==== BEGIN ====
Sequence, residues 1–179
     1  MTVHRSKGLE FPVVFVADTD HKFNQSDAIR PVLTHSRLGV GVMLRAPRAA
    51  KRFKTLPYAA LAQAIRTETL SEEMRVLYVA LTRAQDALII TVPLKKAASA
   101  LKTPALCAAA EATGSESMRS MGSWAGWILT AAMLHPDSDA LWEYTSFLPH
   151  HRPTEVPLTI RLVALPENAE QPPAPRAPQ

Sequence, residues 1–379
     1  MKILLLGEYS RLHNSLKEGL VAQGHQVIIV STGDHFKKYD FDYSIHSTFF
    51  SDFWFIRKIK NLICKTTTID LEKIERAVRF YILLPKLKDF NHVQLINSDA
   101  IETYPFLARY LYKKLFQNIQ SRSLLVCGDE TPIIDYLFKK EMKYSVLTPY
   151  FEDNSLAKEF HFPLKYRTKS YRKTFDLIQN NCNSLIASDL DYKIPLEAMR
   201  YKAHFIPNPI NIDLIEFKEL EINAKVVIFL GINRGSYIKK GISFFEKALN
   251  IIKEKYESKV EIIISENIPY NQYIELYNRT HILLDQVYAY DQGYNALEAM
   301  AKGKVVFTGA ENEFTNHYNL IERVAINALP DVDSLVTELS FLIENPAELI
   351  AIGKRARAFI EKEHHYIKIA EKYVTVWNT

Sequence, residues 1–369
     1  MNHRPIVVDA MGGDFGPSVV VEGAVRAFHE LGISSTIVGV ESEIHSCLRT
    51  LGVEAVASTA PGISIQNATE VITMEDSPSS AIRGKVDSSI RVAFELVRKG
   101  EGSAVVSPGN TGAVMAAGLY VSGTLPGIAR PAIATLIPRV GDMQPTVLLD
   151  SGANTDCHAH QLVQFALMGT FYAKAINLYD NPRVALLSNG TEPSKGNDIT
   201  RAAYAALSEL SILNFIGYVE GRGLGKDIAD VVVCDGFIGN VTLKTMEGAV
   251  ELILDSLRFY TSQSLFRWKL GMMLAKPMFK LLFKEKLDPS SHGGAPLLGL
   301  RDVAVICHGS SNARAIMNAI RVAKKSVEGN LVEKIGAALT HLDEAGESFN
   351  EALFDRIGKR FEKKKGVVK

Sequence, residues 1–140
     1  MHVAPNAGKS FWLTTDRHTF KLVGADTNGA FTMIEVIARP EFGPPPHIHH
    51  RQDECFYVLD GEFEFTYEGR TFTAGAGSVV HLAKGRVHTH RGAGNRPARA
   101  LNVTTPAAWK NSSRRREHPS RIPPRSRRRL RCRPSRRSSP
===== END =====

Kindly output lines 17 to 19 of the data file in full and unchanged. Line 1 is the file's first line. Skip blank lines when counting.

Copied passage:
    51  LGVEAVASTA PGISIQNATE VITMEDSPSS AIRGKVDSSI RVAFELVRKG
   101  EGSAVVSPGN TGAVMAAGLY VSGTLPGIAR PAIATLIPRV GDMQPTVLLD
   151  SGANTDCHAH QLVQFALMGT FYAKAINLYD NPRVALLSNG TEPSKGNDIT